Strengths of a Really Flat Church

Last week I blogged about the Valve handbook and how it brought up the idea of a completely flat, anarchic, leaderless organisation. It’s not just a concept, this is a highly successful company. So the question for me is what can we learn from Valve in the church? Could there be a church with the same organisational non-structure? And what would the strengths and drawbacks of this kind of arrangement be?

Before I go any further, I want to be clear that I understand the hierarchy in our churches does not function like the Army or a company. The congregation don’t have line-managers and no-one goes to services because they have been instructed to by their boss. Religious authority works in different, perhaps more insidious ways. The key for me is the way a structure without authority gives freedom to those who would otherwise not have a voice.

This resonates strongly with an idea that as a Brethren boy I often heard about – ‘the priesthood of all believers’. This is the idea that none of us need someone other than Jesus between us and God. It’s radically egalitarian; no one is superior to anyone, irrespective of gender, age or ethnicity. Any ‘minister’ must be there to serve rather than lead. Leadership is less about power and more about allowing and empowering people to do the things they believe the Spirit is calling them to. Lay vs clergy becomes a non-discussion because there is no distinction.

It means that the members of the church are not hostage to a vision imposed on them by a leader or leaders. They set the agenda by deciding what they want to be involved in. This should empower them in the way Valve employees are empowered – if they understand the way the church works, they will know that nothing will happen unless they want it to. No more passive congregants, each one takes part in the way(s) that they feel they should.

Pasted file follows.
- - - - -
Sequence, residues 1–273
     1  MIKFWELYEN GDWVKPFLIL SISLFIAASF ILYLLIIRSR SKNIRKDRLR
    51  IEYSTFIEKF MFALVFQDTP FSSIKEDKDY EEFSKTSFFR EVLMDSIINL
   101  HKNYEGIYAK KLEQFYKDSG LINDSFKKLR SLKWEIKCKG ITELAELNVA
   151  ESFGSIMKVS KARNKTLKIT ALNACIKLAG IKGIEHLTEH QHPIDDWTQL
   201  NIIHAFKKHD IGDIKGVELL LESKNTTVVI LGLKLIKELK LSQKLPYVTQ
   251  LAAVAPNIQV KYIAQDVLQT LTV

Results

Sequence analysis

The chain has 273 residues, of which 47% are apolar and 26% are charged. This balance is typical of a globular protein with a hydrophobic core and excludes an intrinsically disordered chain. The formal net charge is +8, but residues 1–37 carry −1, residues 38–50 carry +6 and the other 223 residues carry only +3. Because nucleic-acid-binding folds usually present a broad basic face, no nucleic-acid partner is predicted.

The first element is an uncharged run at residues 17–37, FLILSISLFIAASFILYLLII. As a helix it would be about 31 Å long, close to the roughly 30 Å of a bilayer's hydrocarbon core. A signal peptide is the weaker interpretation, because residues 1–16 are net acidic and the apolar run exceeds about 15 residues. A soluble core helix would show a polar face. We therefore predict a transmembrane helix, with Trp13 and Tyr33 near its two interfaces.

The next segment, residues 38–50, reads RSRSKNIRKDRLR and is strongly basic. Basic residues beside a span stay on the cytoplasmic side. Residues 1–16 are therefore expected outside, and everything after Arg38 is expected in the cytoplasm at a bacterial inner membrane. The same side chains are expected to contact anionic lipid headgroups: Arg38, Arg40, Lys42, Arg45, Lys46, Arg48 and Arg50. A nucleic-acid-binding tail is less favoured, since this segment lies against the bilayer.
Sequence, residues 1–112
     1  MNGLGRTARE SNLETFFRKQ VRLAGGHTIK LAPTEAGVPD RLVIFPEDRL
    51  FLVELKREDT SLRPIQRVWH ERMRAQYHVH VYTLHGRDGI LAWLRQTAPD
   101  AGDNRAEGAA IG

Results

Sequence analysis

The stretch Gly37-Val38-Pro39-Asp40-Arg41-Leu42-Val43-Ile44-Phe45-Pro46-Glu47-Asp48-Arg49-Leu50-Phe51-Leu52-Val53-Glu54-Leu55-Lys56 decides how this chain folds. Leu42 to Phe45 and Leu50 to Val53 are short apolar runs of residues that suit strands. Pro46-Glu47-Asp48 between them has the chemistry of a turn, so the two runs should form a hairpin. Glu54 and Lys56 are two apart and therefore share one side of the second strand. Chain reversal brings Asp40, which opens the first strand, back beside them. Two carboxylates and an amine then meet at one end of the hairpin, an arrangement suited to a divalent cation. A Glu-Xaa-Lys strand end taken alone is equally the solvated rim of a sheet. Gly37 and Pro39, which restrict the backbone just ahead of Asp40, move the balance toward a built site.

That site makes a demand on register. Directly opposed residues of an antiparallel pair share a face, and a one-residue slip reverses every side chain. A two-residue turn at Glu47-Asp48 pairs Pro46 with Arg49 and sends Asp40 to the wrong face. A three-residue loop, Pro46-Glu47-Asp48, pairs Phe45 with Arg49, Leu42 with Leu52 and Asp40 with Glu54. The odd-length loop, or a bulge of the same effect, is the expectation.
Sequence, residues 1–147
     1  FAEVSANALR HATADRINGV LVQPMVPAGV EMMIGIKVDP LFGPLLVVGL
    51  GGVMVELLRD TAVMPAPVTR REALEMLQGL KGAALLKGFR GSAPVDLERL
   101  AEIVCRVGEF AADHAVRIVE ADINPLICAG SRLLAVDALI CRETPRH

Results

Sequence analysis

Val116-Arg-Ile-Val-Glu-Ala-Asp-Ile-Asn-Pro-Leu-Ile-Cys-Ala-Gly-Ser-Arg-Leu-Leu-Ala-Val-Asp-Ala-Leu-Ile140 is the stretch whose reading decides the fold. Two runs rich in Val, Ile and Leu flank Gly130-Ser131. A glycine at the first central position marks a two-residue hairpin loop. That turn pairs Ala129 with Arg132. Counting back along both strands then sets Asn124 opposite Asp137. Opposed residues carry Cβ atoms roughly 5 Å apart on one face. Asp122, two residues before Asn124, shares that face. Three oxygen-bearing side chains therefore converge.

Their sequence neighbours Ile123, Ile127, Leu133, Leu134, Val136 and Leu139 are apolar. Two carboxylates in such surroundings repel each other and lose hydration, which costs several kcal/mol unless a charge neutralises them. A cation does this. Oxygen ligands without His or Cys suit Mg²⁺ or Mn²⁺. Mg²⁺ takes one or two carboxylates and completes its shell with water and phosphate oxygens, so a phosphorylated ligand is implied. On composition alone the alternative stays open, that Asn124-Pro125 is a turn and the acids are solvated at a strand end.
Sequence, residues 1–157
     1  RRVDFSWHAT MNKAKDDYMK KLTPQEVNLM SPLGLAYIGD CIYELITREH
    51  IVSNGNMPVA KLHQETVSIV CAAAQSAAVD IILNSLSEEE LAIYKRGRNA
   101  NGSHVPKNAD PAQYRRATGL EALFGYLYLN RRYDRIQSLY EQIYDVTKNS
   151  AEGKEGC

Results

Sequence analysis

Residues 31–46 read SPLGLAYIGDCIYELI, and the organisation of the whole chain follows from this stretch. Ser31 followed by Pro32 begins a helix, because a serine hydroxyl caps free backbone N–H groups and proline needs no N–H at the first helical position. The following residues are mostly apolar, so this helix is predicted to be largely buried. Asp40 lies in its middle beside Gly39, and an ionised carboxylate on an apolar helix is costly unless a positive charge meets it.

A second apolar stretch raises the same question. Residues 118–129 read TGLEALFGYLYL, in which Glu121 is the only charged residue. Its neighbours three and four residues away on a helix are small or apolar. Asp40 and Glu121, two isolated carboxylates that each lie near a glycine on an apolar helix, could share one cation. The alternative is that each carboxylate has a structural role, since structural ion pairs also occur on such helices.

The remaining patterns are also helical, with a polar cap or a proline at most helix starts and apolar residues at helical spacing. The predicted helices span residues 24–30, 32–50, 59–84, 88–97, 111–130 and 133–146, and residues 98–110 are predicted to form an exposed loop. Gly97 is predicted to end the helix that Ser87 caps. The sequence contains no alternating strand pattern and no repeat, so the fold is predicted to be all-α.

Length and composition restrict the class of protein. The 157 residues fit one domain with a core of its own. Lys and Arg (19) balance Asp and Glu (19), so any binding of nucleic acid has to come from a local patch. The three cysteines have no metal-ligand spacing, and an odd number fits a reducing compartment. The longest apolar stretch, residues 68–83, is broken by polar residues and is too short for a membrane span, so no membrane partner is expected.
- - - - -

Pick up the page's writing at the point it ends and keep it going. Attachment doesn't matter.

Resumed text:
Of course, here are many parts of church life that work on a voluntary basis – probably because they are staffed by volunteers! This means that they have chosen what teams to be a part of, but it is still different to being non-hierarchical. In a voluntary system, it seems that there is a small number of people who set the agenda and then find other people to help them do the work (or do it for them!) However, in a non-hierarchical church there would not need to be an agenda, just people joining in with the tasks they thing are important.

At Valve it’s very different to church – every employee is paid to be there, paid for doing something productive and successful, no-one has the choice of free-wheeling. A flat church would have the challenge of inspiring people to be a part of what the church is doing without telling them what they must do. Making sure members know what they can join in with requires a lot of deliberate effort be put into internal advertising of active and potential groups – is that well spent effort? I suppose that depends on whether it encourages more action and self-ownership or leads to empire-building.

We’re sailing perilously close to the drawbacks and potential problems of a really flat church now, which I want to leave to another post. I’d love to have your input, though. Are the strengths that I’ve written about realistic, would they happen in practice – and are they things we should really be desiring for the church? Are there other things that you can see coming from an entirely flat structure that would be benefits to the church?